It was really the first time I attended a wildlife census. I had no clue of how things would be or how we would go about filling data sheets.
Day 1: We all assembled at Bannari. It was a 2 hour journey from Coimbatore. After a long journey on a hot day, we reached Bannari. There were dozens of volunteers and many pot-bellied forest officers. About 50 volunteers assembled and five of us were girls. Though the people from WWF said that people were ‘screened’ before they came for census, that just did not seem to be the case.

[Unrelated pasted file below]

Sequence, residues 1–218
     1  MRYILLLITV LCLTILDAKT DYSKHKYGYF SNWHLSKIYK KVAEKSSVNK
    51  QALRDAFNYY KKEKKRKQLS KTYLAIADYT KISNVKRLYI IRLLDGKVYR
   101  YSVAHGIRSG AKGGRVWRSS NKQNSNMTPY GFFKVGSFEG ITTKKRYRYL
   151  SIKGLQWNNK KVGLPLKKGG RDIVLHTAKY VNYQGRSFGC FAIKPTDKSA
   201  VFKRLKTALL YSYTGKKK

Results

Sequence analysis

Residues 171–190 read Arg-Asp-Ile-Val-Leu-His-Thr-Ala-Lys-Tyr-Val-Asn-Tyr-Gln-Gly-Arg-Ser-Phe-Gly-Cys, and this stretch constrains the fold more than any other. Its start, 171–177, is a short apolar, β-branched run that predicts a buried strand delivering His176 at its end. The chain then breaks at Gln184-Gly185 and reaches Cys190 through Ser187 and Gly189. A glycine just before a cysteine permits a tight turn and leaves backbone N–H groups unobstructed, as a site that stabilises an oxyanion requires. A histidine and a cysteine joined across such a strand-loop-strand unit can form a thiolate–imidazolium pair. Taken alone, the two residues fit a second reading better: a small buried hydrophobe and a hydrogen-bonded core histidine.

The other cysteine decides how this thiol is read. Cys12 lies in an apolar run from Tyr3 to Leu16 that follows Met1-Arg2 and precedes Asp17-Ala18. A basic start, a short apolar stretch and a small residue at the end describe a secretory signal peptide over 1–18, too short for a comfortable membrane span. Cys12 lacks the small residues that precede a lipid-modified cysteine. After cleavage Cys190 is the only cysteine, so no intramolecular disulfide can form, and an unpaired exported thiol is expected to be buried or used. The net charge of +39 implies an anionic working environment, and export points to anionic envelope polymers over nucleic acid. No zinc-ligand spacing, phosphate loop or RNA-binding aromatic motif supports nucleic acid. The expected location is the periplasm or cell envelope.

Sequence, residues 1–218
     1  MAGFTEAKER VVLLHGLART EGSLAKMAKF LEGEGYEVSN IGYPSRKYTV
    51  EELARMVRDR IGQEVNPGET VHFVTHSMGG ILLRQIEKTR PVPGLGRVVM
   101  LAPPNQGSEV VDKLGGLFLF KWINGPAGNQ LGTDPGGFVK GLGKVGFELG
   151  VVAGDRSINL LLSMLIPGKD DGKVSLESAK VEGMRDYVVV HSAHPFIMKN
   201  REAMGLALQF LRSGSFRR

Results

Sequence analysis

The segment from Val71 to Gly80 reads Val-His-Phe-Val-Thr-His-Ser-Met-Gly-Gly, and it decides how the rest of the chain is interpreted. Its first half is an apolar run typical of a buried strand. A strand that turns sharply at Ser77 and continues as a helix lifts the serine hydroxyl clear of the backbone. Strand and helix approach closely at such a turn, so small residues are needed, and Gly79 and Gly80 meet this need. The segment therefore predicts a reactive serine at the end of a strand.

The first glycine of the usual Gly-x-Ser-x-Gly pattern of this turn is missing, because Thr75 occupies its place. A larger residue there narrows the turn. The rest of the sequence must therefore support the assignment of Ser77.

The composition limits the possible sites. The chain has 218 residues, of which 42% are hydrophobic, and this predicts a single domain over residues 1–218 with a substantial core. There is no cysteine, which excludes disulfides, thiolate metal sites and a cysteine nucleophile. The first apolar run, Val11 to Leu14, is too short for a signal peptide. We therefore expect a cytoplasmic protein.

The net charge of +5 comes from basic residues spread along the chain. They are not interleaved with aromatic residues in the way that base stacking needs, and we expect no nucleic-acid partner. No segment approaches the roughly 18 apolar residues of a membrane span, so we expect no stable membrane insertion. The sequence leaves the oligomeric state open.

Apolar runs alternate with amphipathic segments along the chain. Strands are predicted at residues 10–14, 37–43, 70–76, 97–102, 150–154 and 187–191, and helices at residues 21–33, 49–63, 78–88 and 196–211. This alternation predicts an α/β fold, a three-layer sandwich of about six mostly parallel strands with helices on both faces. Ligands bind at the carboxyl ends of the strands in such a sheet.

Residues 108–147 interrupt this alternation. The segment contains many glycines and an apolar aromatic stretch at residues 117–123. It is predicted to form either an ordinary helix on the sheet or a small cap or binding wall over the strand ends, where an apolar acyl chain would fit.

We signed a declaration form stating that if anything happens to us in the forest, the forest department would not be responsible for it. We signed it and soon the session began. It was a terrible hot day and all we were doing was fanning ourselves and drinking loads of water.
The presentation soon began. One scientist from WWF (I do not wish to name him) started giving a talk on how to do the census. We were taught to identify male and female species of elephants. How we would do that considering how we sight them. Watching out their ears, back, etc and then classifying them into Adult Male, Adult Female, Juvenile male, juvenile female. We also were taught to identify pugmarks and differentiate between leopard, tiger, wild dog, hyena, sloth bear among the carnivores.